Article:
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The Surprising Story Behind Ukraine’s 'Tunnel of Love'

It’s one of the most photographed places in Ukraine. Visitors travel from around the world to see the famous tree tunnel running through the small western town of Klevan. As RFE/RL’s Amos Chapple discovered when he explored the site, Ukraine's “Tunnel of Love” can reportedly trace its origins all the way back to the tensions and secrecy of the Cold War.

A young Ukrainian couple walks hand in hand along the railway line. (This summer scene was photographed in 2012). The neatly “trimmed” appearance of the tunnel is thanks to a prospering business which operates 24/7 at the far end of the track. 
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A young Ukrainian couple walks hand in hand along the railway line. (This summer scene was photographed in 2012). The neatly “trimmed” appearance of the tunnel is thanks to a prospering business which operates 24/7 at the far end of the track. 

This is the Odek plywood factory, in the village of Orzhiv. Birch trees from across Ukraine are trucked in…
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This is the Odek plywood factory, in the village of Orzhiv. Birch trees from across Ukraine are trucked in…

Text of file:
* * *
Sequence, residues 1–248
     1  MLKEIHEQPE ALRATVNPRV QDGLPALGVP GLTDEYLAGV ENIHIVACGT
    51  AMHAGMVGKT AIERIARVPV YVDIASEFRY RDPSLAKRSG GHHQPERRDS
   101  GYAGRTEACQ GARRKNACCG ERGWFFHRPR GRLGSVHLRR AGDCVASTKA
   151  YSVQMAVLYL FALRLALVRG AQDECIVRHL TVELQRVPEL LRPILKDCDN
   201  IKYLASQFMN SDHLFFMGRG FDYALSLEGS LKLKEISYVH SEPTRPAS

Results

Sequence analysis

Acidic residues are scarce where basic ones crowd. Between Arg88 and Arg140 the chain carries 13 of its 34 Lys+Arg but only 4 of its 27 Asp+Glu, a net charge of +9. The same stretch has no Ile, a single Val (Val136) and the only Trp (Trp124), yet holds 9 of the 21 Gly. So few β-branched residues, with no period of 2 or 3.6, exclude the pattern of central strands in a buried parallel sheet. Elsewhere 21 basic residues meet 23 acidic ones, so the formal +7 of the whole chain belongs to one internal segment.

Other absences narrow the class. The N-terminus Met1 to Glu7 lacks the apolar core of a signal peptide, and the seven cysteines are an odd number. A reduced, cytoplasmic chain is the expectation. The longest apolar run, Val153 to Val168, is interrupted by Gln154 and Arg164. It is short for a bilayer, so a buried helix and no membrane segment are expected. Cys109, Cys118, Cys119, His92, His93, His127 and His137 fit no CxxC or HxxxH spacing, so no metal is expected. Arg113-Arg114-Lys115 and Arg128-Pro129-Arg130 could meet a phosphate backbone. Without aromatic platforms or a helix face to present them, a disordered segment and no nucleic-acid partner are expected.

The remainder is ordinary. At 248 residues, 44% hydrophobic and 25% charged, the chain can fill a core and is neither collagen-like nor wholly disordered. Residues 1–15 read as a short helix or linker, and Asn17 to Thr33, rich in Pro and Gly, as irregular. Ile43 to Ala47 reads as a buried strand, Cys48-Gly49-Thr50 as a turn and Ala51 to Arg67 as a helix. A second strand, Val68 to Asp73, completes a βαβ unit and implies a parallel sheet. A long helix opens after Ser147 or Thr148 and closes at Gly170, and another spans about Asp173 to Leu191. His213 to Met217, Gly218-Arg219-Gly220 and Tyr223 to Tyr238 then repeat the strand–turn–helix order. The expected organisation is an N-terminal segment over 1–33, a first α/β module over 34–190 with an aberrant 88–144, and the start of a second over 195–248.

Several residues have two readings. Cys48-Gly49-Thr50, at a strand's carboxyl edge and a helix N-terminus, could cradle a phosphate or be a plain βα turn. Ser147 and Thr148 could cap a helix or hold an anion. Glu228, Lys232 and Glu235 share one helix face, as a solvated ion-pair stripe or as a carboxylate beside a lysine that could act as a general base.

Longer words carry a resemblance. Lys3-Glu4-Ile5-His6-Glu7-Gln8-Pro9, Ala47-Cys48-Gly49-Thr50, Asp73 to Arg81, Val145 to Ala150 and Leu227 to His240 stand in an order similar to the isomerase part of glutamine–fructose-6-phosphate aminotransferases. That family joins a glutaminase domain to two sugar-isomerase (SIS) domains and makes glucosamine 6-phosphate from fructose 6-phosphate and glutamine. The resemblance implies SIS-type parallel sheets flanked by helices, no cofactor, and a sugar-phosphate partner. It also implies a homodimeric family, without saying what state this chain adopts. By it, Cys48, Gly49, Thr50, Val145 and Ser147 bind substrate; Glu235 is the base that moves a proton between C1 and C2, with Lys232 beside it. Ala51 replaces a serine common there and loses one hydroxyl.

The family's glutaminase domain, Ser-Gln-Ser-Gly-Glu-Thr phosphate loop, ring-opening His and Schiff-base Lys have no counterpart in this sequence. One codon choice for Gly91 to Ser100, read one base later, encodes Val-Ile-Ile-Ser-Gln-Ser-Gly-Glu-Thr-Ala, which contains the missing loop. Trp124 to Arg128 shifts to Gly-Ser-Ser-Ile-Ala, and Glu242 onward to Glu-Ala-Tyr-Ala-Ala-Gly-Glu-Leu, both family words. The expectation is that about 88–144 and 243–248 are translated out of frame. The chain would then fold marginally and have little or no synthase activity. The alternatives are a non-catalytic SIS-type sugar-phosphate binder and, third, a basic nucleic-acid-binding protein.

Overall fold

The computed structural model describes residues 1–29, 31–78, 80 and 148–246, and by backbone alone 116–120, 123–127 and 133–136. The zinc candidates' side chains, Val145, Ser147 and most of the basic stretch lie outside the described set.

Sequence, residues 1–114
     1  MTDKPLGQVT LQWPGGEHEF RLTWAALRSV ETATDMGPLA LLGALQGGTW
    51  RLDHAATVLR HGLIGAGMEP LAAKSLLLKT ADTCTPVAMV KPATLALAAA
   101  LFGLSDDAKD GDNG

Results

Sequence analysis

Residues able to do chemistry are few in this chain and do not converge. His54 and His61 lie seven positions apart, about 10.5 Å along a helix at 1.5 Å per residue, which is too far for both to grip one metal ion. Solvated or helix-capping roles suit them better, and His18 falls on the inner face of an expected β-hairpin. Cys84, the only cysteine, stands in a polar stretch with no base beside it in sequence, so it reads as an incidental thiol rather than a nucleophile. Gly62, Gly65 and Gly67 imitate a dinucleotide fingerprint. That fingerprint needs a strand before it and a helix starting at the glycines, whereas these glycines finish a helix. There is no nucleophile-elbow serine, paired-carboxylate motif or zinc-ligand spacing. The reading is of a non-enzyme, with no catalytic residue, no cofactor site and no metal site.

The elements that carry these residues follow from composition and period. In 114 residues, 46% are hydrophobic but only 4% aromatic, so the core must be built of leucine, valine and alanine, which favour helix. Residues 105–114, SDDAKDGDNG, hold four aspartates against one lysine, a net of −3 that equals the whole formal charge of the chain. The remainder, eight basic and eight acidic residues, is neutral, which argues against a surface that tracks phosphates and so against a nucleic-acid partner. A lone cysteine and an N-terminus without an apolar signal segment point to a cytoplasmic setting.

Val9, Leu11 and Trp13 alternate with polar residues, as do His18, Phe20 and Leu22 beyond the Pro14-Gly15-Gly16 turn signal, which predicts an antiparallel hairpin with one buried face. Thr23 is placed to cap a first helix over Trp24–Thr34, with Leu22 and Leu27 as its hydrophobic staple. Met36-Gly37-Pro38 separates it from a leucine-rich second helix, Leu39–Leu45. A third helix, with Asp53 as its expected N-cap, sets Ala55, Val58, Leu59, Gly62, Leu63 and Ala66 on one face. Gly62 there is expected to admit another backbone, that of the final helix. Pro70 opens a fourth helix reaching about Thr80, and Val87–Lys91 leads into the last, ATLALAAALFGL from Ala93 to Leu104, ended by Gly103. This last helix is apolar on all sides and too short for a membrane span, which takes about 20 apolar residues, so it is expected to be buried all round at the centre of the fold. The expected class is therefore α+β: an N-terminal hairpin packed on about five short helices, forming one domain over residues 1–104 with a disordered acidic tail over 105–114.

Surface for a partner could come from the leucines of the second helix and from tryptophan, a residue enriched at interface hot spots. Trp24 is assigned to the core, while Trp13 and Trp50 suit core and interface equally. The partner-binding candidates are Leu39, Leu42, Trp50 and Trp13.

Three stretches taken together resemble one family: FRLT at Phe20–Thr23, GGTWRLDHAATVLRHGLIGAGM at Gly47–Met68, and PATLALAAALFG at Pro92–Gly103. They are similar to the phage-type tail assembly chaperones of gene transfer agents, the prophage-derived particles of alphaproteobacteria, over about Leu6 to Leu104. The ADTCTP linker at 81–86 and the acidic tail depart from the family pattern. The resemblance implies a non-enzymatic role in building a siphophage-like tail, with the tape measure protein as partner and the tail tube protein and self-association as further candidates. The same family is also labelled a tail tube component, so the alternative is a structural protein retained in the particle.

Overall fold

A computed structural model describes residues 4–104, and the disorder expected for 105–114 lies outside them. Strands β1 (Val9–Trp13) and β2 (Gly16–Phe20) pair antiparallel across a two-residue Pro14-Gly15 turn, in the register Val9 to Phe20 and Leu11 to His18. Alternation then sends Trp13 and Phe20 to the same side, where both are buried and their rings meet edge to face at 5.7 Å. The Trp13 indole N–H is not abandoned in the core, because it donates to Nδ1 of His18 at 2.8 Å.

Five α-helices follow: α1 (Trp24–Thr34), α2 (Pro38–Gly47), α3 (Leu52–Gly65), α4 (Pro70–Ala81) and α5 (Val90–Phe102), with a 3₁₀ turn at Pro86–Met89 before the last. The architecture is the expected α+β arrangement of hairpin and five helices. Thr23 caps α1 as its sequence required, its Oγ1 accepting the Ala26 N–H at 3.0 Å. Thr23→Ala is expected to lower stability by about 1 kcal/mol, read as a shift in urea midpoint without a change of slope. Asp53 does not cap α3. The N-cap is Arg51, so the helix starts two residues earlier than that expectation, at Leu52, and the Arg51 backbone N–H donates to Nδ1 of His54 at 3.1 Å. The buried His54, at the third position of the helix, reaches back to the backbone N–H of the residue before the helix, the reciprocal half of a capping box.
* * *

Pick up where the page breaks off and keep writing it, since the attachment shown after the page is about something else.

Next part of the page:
... then turned into plywood panels. The factory produces plywood for the West European market.
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... then turned into plywood panels. The factory produces plywood for the West European market.

Finished plywood panels are loaded onto these containers, and their journey to western Europe begins.
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Finished plywood panels are loaded onto these containers, and their journey to western Europe begins.

With a toot of the horn, the Odek factory train sets off. It’s bound for the Klevan railway junction, seven kilometres from the factory. There the containers will be transferred to a freight train and hauled west along the main trunk line.  
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With a toot of the horn, the Odek factory train sets off. It’s bound for the Klevan railway junction, seven kilometres from the factory. There the containers will be transferred to a freight train and hauled west along the main trunk line.